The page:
In my judgment to this day, it is a good and sensitive piece, but it was never honored or referred to very much in the developing professional literature of the Holocaust, including in works specifically about the so-important area of teaching children about the Holocaust. Why the lack of interest in the article? I think this was because I referred to all of us human beings as cut from the same cloth; and that we all have serious work to do not simply mourning and overcoming our peoples' experiences as victims; but in developing ourselves as strong decent human beings who will do our utmost neither to be victims (- we have to fight back against those who seek to murder us), but also not to be oppressors who kill others if and when we find ourselves in historical-societal circumstances that call on us and enable us to have the power and the opportunity to be the ones who commit genocide to others.
Acknowledging Any Genocidal Violence to Others by Victim Peoples
I think that the victims of past genocides of many peoples "like" being spoken about (sympathized with) as victims and celebrated for overcoming the traumatic losses of the genocides of their people, but don't like any discussions of past or possible future destructiveness by their people to others. Once, when we were preparing the memorable first encyclopedia of genocide , the Serbian ambassador to Israel came to me. He proved an affable, attractive man; indeed the two of us were fellow tennis players and had an immediate sense of sharing with one another an attitude of enjoying life along with our serious professional activities. Moreover, the ambassador told me that one of his parents was Jewish and had been in Auschwitz, and of course that bonded us on a more personal level too. But his basic intention in coming to see me was to present to me for the encyclopedia the (quite serious and important) information of genocidal murders of Serbs by Croats (who, of course, had been the vicious killers of Serbs and Jews in World War II) and Muslims in the war and genocidal events of the early 1990's. I replied to the ambassador that his data were very welcome, but that we could only accept the data if they were part of -- accompanied by - the fuller picture that included the genocidal murders perpetrated by the Serbs against the other ethnic groups in the former Yugoslavia, like the genocide of six or more thousand Bosnians at Srebrenica, for in the 1990's round of ugly genocidal destructiveness in the Balkans it was the Serbian murders of others that were the predominant though not the exclusive story of evil. The ambassador stormed out of my office and home.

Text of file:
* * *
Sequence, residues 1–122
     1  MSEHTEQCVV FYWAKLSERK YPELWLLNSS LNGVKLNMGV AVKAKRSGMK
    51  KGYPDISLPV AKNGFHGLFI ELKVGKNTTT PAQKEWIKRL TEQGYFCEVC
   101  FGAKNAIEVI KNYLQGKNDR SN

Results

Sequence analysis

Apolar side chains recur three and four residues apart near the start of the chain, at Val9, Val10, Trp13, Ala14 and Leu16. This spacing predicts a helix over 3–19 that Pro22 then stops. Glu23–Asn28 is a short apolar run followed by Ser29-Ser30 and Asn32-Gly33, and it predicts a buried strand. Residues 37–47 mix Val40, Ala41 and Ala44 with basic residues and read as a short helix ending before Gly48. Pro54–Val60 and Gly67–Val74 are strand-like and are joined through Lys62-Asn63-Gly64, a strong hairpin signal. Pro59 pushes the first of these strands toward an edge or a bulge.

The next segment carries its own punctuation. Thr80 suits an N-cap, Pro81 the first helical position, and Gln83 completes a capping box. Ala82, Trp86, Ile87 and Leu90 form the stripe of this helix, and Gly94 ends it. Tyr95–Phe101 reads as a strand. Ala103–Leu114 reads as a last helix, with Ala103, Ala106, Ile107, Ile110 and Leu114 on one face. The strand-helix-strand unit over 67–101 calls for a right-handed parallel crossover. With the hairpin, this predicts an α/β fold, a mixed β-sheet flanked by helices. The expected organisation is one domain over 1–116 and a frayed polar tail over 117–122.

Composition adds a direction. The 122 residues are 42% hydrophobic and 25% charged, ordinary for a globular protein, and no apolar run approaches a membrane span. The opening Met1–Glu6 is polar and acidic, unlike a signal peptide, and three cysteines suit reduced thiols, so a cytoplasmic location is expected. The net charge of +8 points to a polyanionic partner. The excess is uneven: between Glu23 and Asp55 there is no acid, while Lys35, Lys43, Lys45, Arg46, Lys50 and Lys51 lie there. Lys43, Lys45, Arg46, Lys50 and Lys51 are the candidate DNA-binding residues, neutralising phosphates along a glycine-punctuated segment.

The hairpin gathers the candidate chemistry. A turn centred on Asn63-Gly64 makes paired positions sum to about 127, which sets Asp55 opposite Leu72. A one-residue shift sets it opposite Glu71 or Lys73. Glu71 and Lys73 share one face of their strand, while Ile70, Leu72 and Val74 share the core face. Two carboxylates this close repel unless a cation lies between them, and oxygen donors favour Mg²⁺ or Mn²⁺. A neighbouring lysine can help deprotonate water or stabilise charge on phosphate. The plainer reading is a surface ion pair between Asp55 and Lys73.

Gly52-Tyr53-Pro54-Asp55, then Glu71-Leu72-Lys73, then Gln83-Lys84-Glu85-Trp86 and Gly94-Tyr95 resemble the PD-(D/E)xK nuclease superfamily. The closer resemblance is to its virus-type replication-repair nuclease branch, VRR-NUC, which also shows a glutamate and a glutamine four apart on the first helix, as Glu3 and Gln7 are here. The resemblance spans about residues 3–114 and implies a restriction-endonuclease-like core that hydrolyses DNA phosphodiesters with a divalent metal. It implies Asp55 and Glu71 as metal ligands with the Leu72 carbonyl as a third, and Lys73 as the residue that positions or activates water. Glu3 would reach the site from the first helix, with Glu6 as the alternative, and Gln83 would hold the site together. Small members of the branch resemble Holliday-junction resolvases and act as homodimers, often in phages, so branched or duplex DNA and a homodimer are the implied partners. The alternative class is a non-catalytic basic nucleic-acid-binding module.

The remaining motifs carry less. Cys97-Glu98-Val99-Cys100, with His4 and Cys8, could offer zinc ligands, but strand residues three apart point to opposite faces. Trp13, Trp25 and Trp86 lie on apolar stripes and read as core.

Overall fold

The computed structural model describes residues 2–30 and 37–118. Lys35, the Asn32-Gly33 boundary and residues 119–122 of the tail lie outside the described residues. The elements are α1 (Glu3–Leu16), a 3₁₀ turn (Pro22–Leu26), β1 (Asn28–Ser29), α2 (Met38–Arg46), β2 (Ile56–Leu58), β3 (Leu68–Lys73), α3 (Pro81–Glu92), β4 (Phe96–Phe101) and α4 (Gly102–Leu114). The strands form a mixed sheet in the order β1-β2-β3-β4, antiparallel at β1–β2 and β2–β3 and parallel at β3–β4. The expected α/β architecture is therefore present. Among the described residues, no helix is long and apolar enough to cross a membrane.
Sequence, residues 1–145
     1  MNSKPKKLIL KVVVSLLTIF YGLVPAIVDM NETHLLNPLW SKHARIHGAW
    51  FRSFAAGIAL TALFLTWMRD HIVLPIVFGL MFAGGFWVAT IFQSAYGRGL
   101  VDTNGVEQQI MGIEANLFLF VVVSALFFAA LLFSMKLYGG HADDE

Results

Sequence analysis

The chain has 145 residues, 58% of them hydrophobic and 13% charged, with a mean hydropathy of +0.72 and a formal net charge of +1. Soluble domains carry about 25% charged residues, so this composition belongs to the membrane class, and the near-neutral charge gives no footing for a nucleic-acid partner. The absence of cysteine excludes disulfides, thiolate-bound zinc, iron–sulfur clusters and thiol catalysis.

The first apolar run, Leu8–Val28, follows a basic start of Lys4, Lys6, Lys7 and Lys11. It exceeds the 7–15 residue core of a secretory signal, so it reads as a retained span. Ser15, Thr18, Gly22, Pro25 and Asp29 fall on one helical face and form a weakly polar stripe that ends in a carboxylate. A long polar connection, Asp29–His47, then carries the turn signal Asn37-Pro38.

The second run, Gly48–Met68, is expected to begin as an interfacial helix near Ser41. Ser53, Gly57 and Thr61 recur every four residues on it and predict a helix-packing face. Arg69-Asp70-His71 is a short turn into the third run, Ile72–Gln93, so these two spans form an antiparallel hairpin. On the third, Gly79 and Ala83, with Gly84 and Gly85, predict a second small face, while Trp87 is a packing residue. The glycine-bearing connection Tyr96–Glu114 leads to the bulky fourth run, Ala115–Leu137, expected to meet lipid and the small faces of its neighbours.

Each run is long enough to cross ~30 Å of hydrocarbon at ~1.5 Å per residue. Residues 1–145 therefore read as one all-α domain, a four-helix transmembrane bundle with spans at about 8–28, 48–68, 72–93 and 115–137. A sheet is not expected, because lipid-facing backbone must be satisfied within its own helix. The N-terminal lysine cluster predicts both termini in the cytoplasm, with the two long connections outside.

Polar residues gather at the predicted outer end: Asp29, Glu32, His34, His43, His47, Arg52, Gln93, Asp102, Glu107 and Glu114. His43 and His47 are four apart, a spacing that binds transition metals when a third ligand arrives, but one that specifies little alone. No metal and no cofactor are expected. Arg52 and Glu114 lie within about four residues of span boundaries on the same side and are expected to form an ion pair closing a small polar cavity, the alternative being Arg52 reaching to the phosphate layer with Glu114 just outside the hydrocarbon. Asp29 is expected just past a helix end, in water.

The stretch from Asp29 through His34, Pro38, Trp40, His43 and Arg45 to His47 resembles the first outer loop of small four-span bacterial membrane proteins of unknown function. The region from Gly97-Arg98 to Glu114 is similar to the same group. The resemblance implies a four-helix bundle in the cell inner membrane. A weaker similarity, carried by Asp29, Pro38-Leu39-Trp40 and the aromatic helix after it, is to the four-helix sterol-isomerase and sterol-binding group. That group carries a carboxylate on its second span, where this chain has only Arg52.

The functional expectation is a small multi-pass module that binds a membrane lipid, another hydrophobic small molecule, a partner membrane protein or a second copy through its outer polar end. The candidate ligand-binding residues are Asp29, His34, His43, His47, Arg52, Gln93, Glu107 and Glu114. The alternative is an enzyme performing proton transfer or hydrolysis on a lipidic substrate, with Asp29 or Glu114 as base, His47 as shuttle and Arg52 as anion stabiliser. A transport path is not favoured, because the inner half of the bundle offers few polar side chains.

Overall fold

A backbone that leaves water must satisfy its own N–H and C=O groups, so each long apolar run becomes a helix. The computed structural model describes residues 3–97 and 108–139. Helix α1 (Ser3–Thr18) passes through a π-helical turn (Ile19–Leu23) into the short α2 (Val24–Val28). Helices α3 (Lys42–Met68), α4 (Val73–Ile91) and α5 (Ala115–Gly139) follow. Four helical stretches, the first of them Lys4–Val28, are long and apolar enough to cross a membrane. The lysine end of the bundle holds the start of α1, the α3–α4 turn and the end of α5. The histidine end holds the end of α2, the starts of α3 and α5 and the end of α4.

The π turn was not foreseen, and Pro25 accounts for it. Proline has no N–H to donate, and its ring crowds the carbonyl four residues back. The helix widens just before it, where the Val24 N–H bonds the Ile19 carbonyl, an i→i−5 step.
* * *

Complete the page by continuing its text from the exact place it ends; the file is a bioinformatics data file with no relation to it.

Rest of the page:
"Well," the reader may say, "you are obviously right that we are all human begins with whatever tendencies and potential for being mass murderers that apparently our whole human race will need to face in itself if we are to make any progress in stopping genocide on this planet. But you are asking a lot from people to recognize this part of themselves, especially when they are legitimately concerned with their own painful losses to the evils of others. Apparently this is a delicate educational and spiritual task that is going to need a lot of talent to get across to people and is going to take a lot of time."
Indeed, returning to my own Jewishness, together with my colleague, Daphna Fromer, I have been the author of a study of the attitudes that we Jews and Israelis harbor towards a past genocidal massacre that we indeed committed , and the author of studies of the attitudes of us Jews/Israelis towards fictional scripts of what we could conceivably do in future scenarios. In a larger perspective, I am quite proud of the fact that, overall, while being beleaguered and threatened by extinction by an overwhelmingly larger Arab force surrounding us, we Israelis have maintained a remarkable record of decency and humanistic values in our military actions. But there have been some small but clearly vicious and obviously genocidal massacres - the term the great Leo Kuper created for smaller scale events of mass murder for which we must take responsibility; and like all people we need to become aware of our potential for doing such things.